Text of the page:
US: Bernie Sanders Tells Disney to Pay 'Living Wage'

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US: Bernie Sanders Tells Disney to Pay 'Living Wage'
Fecha de publicación: 
25 August 2018
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Sanders pointed out that the Walt Disney Company raked in USD$9 billion in profits last year.

United States Senator and former candidate in the 2016 presidential election, Bernie Sanders, has lashed out at the Walt Disney Company for refusing to “pay a living wage” to its theme park employees in Southern California.

“Disney is so nervous that the living wage ballot initiative in Anaheim (California) is going to pass,” he charged, “it would rather end some of the corporate welfare it receives from local taxpayers than pay all 30,000 of its workers decent wages.”

As Disneyland decided to rescind hundreds of millions of dollars in subsidies and tax breaks for its amusement park, the lawmaker accused the company of acting out of fear that voters in Anaheim, Disney's host city, will pass a living wage ordinance come November.

The ordinance, applicable to any large company receiving municipal tax breaks, would require Disneyland and the neighboring Disney California Adventure to pay all 30,000 employees at least $15 an hour, rising to $18 an hour by 2022 and keeping pace with inflation after that, according to The Guardian.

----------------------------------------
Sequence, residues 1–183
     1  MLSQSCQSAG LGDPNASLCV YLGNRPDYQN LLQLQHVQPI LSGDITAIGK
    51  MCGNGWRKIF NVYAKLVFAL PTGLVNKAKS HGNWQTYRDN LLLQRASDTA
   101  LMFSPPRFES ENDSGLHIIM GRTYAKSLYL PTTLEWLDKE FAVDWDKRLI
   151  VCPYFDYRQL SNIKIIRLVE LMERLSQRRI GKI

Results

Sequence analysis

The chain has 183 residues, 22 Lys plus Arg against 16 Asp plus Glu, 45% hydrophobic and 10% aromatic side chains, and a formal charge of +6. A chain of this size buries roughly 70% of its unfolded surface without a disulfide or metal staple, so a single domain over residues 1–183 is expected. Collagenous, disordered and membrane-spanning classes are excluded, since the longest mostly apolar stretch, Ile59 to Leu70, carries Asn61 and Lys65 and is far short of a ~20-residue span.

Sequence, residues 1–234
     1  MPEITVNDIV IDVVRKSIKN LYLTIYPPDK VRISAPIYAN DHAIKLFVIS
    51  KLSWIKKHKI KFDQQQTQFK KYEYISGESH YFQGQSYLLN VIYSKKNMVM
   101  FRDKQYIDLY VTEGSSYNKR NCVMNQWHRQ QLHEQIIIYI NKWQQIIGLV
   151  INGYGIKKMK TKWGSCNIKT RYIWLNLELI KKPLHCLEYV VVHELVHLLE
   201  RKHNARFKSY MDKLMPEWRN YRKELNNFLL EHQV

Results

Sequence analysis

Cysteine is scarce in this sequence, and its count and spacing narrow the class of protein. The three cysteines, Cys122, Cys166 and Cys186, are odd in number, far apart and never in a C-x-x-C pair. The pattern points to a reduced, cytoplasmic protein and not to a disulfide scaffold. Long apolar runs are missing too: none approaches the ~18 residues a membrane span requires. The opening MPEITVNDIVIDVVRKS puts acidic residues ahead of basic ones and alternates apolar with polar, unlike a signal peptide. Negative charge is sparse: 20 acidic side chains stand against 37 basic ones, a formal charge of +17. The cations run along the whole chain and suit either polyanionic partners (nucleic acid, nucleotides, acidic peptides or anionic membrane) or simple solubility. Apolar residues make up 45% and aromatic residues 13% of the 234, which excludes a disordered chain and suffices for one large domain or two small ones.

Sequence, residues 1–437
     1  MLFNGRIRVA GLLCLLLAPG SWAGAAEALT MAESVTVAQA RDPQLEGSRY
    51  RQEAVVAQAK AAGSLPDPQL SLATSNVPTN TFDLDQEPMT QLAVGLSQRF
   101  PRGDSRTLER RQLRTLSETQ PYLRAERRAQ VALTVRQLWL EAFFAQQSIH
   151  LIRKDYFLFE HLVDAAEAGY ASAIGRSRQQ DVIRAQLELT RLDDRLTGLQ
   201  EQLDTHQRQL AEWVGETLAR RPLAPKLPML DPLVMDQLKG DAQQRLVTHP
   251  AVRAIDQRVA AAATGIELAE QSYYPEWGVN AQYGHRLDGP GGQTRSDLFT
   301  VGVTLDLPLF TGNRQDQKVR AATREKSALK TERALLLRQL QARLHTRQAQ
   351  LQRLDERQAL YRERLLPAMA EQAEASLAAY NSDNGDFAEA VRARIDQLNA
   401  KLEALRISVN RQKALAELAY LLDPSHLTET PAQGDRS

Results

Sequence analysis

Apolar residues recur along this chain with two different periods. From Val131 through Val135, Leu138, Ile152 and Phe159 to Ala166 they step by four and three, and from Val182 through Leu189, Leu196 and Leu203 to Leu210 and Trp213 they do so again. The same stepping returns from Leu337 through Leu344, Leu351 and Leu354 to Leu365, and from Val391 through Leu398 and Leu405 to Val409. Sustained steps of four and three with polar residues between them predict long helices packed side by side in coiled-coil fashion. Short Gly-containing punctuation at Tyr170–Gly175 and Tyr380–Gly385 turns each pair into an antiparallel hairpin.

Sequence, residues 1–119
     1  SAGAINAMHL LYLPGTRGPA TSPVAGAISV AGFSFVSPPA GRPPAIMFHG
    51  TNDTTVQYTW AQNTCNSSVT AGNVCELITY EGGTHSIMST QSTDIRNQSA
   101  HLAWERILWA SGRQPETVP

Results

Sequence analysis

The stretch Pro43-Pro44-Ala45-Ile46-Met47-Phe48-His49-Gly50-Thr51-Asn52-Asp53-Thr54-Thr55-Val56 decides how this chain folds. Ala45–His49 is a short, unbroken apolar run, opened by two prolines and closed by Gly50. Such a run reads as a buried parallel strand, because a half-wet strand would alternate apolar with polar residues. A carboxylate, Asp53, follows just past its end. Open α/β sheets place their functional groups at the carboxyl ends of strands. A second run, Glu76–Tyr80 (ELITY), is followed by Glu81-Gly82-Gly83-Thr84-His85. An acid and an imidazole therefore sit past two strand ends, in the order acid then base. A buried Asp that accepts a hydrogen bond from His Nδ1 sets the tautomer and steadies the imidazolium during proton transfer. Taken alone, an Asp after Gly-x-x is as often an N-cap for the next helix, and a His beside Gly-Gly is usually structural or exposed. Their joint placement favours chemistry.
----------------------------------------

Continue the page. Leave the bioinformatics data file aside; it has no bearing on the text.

It's time for Disney “get off of welfare and pay all of its workers a living wage,” Sanders stated.

Just last month, faced with growing pressure by unions, local politicians, and public opinion, Disney agreed to pay about a third of its workers a $15-per-hour wage.

The company also promised to pay minimum-wage non-union workers, estimated to number in the low thousands, $15.75 an hour starting next year.

Despite the fact that thousands of Disney employees subsist off food stamps and live out of their cars, the company has staunchly opposed the living wage bill.

Sanders pointed out that the company raked in USD$9 billion in profits last year, during a rally at Disneyland in June. He also reminded that the company's chief executive, Robert Iger, has been offered a compensation package valued at USD$423 million over the next four years.

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